Review Open Access
Copyright ©2014 Baishideng Publishing Group Co., Limited. All rights reserved.
World J Gastrointest Oncol. Apr 15, 2014; 6(4): 83-97
Published online Apr 15, 2014. doi: 10.4251/wjgo.v6.i4.83
Use of blood-based biomarkers for early diagnosis and surveillance of colorectal cancer
Ganepola AP Ganepola, Joel Nizin, John R Rutledge, David H Chang, Center for Cancer Research and Genomic Medicine, The Daniel and Gloria Blumenthal Cancer Center, Paramus, NJ 07652, United States
Ganepola AP Ganepola, Joel Nizin, Department of Surgery, The Valley Hospital, Ridgewood, NJ 07450, United States
Author contributions: All the authors wrote the manuscript.
Supported by The Valley Hospital Foundation Research Fund; The community of The Valley Hospital in Ridgewood, NJ, especially Ms. Audrey Meyers, CEO, Mr. Anastasios Kozaitis, president of the Valley Hospital Foundation
Correspondence to: David H Chang, PhD, Research Scientist, Center for Cancer Research and Genomic Medicine, The Daniel and Gloria Blumenthal Cancer Center, The Valley Hospital, 1 Valley Health Plaza, Paramus, NJ 07652, United States.
Telephone: +1-201-6345542 Fax: +1-201-6345383
Received: November 5, 2013
Revised: March 8, 2014
Accepted: March 17, 2014
Published online: April 15, 2014


Early screening for colorectal cancer (CRC) holds the key to combat and control the increasing global burden of CRC morbidity and mortality. However, the current available screening modalities are severely inadequate because of their high cost and cumbersome preparatory procedures that ultimately lead to a low participation rate. People simply do not like to have colonoscopies. It would be ideal, therefore, to develop an alternative modality based on blood biomarkers as the first line screening test. This will allow for the differentiation of the general population from high risk individuals. Colonoscopy would then become the secondary test, to further screen the high risk segment of the population. This will encourage participation and therefore help to reach the goal of early detection and thereby reduce the anticipated increasing global CRC incidence rate. A blood-based screening test is an appealing alternative as it is non-invasive and poses minimal risk to patients. It is easy to perform, can be repeated at shorter intervals, and therefore would likely lead to a much higher participation rate. This review surveys various blood-based test strategies currently under investigation, discusses the potency of what is available, and assesses how new technology may contribute to future test design.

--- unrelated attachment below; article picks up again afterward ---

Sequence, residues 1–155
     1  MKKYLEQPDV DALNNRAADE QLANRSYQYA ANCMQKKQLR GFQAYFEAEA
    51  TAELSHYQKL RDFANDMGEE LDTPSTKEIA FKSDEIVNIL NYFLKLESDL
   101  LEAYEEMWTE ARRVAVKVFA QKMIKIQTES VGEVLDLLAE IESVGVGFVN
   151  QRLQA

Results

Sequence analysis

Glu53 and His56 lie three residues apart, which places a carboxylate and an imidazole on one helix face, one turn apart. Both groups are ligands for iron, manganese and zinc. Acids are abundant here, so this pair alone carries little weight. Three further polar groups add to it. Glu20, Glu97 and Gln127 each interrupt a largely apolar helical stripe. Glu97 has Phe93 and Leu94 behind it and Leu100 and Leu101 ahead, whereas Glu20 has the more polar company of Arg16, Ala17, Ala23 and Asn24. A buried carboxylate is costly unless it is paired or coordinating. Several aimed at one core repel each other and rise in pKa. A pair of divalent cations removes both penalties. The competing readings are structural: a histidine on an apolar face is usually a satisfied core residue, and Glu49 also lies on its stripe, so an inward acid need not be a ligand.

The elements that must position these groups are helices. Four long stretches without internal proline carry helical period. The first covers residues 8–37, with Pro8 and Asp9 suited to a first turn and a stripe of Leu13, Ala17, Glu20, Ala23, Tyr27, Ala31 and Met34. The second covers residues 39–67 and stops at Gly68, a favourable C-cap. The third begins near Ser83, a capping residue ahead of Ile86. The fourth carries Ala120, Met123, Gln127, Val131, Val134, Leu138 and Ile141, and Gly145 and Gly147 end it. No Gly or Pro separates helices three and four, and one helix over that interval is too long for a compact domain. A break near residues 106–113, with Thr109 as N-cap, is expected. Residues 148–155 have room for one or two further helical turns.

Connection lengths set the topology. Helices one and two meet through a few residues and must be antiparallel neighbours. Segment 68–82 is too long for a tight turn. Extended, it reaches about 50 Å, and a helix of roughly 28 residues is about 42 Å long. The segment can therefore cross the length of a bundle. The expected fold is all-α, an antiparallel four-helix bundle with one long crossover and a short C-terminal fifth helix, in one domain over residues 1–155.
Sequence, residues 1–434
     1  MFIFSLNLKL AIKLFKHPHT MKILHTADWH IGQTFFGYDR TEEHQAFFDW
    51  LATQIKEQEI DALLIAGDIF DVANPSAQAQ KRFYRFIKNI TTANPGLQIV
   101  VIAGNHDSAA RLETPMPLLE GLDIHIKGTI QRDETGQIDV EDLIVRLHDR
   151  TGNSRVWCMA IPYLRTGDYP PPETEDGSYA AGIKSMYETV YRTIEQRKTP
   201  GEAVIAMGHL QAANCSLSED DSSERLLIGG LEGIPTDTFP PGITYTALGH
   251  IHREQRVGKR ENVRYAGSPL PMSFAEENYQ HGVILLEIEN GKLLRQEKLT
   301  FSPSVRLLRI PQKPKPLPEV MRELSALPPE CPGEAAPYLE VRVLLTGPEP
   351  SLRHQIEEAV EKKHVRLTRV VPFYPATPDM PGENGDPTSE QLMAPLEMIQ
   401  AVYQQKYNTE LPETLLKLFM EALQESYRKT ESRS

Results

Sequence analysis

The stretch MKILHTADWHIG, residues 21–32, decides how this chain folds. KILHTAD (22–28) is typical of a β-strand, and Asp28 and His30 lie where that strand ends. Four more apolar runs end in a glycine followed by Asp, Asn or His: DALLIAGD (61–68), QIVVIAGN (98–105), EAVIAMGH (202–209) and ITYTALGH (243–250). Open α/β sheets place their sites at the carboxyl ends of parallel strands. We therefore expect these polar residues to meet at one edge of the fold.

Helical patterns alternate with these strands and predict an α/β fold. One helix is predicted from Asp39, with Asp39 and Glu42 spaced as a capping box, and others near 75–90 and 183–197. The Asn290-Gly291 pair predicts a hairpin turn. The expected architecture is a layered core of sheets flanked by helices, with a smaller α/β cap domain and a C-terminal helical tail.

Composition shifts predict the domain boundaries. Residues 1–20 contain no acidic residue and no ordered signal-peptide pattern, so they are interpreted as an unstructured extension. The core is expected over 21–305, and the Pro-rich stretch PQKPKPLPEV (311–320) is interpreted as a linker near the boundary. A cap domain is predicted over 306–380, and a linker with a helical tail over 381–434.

Key Words: Colorectal neoplasms, Early detection of cancer, Colonoscopy, Biological markers, Blood, Messenger RNA, MicroRNA, Long non-coding RNA, DNA methylation, Microsatellite instability, Loss of heterozygosity, High-throughput nucleotide sequencing, Mass spectrometry, Real-time polymerase chain reaction, Microarray analysis

Core tip: Current colorectal cancer screening modalities are severely inadequate for global application because of high costs and a low participation rate. The alternative is to develop a blood-based screening test based on biomarkers which can replace colonoscopy as a first-line screening tool. The blood-based test should identify the high risk population, which will then be followed by colonoscopy as a secondary test. This review surveys the various experimental approaches and latest research into ideal biomarkers for the initial screening test, the pros and cons of each method and their potential to lead to a future screening test.


Colorectal cancer (CRC) is the third most common cancer and fourth most common cause of cancer death in the world[1]. It is anticipated that as global communities become more developed and the world population ages, the morbidity and mortality rates due to CRC will increase substantially[2]. Although a number of early detection screening modalities have been used extensively in developed nations to lower the incidence and mortality rate, their overall high cost and low participation rate render them to be ineffective in controlling CRC on the global scale. Therefore, an alternative first line screening modality that has high sensitivity, high specificity, is relatively inexpensive and easily implemented, is urgently needed to help reduce the expected increase in global CRC burden. The main purpose of this review is to investigate the potential application of blood-based biomarkers in early diagnosis and surveillance of CRC cases.